Instead of: I’m “eating clean” so I can’t eat any of this food

Try: I’m so happy to see you all.


Instead of: I’m going to have to not eat for a week to make up for this!

Try: I love being with you.


Instead of: I really shouldn’t eat more but I can’t help myself!

Try: Isn’t it wonderful to be together today?


Instead of: I can’t believe I ate all these carbs. My trainer is going to be so mad at me!

Try: This is a great day!

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Talking about exercise

Many people think of Thanksgiving as something we need to “work up to” or “work off.” This is called compensatory exercise and is an eating disorder behavior. It’s important for families to move away from normalizing eating disorder behaviors.

Instead of: I need to take a walk so I have space in my belly for all this food.

Try: I’m going to take a walk because it feels so good to be outside.


Instead of: I’m going to have to go to the gym after this!

Try: This has been a wonderful meal.


Instead of: It’s going to take weeks to work off all the food I ate!

Try: I have been really enjoying this day and being with you.

Plan in advance for an eating disorder friendly Thanksgiving

If your family is like most, shifting the script will take effort. You can start the ball rolling by calling people who will be at the meal with you and your child and see if you can agree to gather with the intention to not perpetuate eating disorder talk.

Here’s a possible pre-Thanksgiving day script:

Hi Aunt Beatrice, I’m so excited to have you for Thanksgiving! I can’t wait to see you. This is a little awkward, but I wanted to let you know something that we’ve been working on. We’ve noticed that how we talk about bodies and food really makes a difference to our kids. So we avoid talking about bodies, diets, or saying things like “this food is so bad” or “I’m going to have to work this pie off later.” The truth is that we didn’t even notice how often we do it. But I just wanted to let you know that it’s something we’re working on, since you’ll probably notice we’re going to try not to do it this year.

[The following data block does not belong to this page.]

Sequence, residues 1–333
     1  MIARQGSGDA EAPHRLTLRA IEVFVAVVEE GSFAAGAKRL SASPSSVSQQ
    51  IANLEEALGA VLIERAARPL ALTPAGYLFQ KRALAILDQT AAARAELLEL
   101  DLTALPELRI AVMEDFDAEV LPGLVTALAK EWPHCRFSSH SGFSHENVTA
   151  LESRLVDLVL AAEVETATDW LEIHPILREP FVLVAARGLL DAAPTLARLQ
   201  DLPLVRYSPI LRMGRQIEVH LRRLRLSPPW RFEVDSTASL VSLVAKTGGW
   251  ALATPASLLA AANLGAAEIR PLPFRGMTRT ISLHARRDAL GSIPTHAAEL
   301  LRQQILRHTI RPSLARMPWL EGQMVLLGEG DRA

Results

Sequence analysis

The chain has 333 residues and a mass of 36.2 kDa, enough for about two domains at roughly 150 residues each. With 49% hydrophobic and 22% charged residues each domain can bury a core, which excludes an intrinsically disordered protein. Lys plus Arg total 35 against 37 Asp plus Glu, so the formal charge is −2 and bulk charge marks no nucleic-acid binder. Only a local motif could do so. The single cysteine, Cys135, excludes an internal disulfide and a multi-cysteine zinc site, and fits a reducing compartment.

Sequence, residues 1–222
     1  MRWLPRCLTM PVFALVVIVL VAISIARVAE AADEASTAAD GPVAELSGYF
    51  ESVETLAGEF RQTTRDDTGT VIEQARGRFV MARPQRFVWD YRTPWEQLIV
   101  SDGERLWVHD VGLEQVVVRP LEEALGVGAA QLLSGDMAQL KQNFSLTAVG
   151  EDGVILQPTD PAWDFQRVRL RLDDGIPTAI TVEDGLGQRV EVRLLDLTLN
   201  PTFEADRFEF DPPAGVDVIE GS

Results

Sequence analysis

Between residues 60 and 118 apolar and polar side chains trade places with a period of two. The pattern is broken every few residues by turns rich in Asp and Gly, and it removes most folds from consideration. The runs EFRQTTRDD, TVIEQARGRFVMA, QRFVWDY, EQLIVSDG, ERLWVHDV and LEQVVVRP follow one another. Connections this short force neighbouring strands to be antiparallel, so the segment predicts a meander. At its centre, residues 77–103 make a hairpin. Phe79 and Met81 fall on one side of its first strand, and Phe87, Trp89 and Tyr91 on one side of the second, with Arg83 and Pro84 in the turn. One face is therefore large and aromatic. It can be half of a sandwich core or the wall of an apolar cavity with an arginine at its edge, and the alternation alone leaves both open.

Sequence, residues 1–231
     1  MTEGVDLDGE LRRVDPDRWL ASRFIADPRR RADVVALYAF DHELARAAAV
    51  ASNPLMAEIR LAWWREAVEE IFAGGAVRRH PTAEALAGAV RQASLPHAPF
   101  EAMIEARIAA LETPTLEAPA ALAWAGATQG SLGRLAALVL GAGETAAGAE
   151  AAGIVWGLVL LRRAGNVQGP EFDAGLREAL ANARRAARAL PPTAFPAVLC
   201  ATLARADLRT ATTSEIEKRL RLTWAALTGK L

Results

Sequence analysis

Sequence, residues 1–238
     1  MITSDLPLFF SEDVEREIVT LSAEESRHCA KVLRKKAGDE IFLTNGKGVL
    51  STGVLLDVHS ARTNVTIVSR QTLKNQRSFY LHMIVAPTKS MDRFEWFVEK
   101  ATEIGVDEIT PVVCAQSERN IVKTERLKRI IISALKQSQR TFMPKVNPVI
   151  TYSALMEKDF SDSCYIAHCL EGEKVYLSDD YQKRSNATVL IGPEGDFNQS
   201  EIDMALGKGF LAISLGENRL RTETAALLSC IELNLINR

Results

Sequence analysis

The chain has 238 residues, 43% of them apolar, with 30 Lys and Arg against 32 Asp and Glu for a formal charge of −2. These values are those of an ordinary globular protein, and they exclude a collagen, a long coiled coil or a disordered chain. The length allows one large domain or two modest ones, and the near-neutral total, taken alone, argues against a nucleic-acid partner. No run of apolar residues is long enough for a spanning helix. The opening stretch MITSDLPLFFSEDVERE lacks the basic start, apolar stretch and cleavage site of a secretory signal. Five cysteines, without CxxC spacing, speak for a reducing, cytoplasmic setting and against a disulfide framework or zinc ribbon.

Here’s some options for redirecting food and body comments on Thanksgiving day:

Redirect: Hey Aunt Beatrice, did you get that promotion at work?


Remind: Hey Aunt Beatrice, remember we aren’t talking about diets today. How was your visit with Uncle Fred?


Set a boundary: Aunt Beatrice, when you talk about my body like that. I feel bad, because it seems like you are criticizing my weight. If you continue to do that, we’ll need to leave.


Thanksgiving doesn’t have to be a minefield for someone who has an eating disorder, and it will be more fun for everyone involved if we reduce the focus on food and bodies and focus instead on the many other things that make being together so meaningful.


Ginny Jones is on a mission to empower parents to raise kids who are free from eating disorders. She’s the founder of More-Love.org and a Parent Coach who helps parents navigate eating disorder recovery.